How Can IRS Appeals Help?If you've accrued an IRS back tax liability, you may already know that the Internal Revenue Service can make your life pretty uncomfortable. But what do you do when you're convinced that the IRS has acted outside its own rulebook in attempting to collect from you? If you owe the IRS, but disagree with an action the IRS has taken to cure your tax liability, you may request an Appeal of the following:
- Notice of Federal Tax Lien Filing
- Notice of Levy
- Notice of Seizure
- Notice of Wage Garnishment
- Installment Agreement Rejection
- Installment Agreement Termination
- Offer in Compromise Rejection
- Proposed Trust Fund Recovery Penalty Assessment
The IRS Appeals group is independent from the IRS Collections group, and claims to settle more than 100,000 cases per year. Appeals' goal is to make a fair and impartial decision to resolve your case. According to irs.gov, "the Appeals mission is to resolve tax controversies without litigation, on a basis which is fair and impartial to both the Government and the taxpayer"...
So How Do I File An IRS Appeal?If you need to prepare and submit an IRS Appeal, be ready to explain in detail why you think the collection action taken or proposed by the IRS is wrong. And be ready to provide thorough backup documentation to prove your theory that the IRS has made or will make an incorrect decision. The two most common Appeals in IRS collection cases are the Collection Appeal Program (CAP) and the Collection Due Process Request (CDP). Each Appeal has a form to help you prepare and file your IRS Appeal. The forms are available at irs.gov.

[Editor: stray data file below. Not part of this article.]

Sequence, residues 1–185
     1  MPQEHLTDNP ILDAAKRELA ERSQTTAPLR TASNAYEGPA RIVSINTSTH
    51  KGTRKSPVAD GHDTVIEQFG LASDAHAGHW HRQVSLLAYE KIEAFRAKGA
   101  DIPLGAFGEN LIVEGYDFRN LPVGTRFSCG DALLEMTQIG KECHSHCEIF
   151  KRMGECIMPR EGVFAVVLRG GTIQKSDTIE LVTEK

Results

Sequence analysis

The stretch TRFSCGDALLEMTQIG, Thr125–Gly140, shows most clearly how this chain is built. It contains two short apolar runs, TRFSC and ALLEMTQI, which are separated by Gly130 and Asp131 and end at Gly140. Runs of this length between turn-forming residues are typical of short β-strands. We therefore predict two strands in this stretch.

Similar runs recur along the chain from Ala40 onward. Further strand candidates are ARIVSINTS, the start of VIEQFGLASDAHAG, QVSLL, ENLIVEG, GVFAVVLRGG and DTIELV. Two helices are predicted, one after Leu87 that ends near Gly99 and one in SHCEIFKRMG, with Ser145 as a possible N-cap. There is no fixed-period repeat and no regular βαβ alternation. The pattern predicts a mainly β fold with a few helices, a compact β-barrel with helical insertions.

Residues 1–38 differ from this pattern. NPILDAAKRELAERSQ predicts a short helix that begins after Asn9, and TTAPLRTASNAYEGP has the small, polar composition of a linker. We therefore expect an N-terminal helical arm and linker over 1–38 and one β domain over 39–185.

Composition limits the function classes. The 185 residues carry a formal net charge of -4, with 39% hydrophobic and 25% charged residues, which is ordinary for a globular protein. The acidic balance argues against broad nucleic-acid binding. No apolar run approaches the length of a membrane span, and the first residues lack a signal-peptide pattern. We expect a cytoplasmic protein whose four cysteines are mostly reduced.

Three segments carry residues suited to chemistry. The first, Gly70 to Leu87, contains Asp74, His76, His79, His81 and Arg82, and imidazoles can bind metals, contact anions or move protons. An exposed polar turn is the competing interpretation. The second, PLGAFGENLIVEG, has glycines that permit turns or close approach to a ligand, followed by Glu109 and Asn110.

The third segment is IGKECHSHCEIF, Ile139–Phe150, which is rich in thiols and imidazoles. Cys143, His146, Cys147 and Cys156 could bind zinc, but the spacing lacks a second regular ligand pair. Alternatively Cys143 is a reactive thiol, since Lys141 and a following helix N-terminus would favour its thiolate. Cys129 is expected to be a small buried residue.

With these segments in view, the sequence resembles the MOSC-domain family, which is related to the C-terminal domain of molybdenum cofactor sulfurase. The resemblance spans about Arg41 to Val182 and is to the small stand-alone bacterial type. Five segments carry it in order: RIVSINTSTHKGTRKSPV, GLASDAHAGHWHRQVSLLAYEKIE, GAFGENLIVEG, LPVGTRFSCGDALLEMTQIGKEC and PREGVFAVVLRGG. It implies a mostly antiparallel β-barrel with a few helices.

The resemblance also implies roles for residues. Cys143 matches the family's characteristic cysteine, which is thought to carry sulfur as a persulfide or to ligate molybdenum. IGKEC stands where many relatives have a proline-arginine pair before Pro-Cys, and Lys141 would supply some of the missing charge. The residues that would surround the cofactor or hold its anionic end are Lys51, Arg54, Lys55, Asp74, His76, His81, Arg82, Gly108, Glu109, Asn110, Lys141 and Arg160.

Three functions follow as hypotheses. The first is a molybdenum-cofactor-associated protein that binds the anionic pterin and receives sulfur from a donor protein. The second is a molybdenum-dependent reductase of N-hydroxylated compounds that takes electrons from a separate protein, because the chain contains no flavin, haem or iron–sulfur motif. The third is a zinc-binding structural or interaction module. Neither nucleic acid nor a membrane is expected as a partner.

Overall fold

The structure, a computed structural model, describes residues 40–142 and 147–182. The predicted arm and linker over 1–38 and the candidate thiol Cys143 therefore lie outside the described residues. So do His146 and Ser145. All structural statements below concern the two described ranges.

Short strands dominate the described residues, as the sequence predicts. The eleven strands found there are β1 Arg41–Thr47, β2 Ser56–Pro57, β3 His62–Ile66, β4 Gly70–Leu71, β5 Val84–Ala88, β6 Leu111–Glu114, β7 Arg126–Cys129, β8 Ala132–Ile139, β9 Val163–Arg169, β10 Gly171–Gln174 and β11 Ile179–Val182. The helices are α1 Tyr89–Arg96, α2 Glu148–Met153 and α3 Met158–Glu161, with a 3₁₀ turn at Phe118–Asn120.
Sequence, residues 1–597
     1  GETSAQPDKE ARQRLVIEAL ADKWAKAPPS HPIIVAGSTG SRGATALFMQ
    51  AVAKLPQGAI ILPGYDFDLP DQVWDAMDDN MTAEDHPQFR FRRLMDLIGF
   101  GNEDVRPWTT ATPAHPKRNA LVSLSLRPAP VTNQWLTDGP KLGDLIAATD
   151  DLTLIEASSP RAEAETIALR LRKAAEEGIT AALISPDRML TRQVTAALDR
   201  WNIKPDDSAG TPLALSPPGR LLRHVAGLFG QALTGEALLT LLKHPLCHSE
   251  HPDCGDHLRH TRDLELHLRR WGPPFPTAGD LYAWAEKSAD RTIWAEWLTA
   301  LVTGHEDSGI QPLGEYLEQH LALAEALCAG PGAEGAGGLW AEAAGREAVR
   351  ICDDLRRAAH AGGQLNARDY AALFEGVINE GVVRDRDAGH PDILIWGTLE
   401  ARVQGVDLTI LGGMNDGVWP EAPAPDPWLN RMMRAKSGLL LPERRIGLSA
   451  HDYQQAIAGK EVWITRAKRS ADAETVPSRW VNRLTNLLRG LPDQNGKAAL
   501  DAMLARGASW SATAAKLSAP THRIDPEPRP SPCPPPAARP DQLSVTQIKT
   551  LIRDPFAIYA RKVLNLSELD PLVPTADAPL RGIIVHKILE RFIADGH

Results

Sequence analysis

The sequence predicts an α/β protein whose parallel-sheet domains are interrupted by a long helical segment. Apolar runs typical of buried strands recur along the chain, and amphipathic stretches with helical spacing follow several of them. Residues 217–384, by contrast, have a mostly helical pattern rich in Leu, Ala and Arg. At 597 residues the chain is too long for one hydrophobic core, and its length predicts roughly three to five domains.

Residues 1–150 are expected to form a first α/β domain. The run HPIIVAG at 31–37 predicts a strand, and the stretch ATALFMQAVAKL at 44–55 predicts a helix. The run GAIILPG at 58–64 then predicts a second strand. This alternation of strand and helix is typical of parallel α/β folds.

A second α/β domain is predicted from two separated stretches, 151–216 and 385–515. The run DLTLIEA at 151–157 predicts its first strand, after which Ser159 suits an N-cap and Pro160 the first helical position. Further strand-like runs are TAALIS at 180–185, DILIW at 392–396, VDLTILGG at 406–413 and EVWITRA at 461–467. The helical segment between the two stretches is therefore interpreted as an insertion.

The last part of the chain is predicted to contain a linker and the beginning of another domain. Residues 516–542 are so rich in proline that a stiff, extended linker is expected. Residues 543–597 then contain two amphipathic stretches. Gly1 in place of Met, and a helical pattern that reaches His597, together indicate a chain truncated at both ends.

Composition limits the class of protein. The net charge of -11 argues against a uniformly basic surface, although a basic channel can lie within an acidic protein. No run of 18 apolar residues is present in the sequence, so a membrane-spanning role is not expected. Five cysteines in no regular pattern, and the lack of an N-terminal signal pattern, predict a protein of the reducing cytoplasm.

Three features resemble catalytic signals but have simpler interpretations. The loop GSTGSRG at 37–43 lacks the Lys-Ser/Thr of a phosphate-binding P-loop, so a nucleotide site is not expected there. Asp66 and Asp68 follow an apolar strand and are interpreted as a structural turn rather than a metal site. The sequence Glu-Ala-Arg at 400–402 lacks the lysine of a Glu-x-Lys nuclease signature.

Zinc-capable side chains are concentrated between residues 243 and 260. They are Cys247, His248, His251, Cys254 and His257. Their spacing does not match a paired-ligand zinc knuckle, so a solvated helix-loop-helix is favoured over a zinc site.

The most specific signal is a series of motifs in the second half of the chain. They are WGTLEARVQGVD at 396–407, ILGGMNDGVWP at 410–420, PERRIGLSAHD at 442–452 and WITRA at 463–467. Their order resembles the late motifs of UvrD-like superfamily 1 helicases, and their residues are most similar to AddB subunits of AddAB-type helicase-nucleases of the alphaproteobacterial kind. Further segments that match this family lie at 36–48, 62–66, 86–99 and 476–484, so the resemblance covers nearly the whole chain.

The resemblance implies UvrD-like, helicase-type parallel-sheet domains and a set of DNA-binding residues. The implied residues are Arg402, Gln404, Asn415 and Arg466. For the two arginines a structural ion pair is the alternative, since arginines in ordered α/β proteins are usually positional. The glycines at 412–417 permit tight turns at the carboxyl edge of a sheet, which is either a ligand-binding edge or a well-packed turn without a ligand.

What Can I Expect From The Appeals Process?Appeals will take a fresh look at your case by assigning it to an Appeals or Settlement Officer, who's had no prior involvement with the IRS' collection of your back taxes. This Officer will review both your side and IRS' side of the issue at hand before making a determination.
Your Appeals hearing (or conference) will be held informally in person, over the phone, or through written correspondence. Your hearing will begin with an explanation of your Appeal rights and the Appeals process itself by your Appeals or Settlement Officer. You'll then be given an opportunity to present your reasons for filing the Appeal. But be ready to back them up with supporting information and documents.
It's also highly advisable that you research IRS law and how it applies to the facts in your case. This will level the playing field, giving you a much better chance of getting what you want from the process.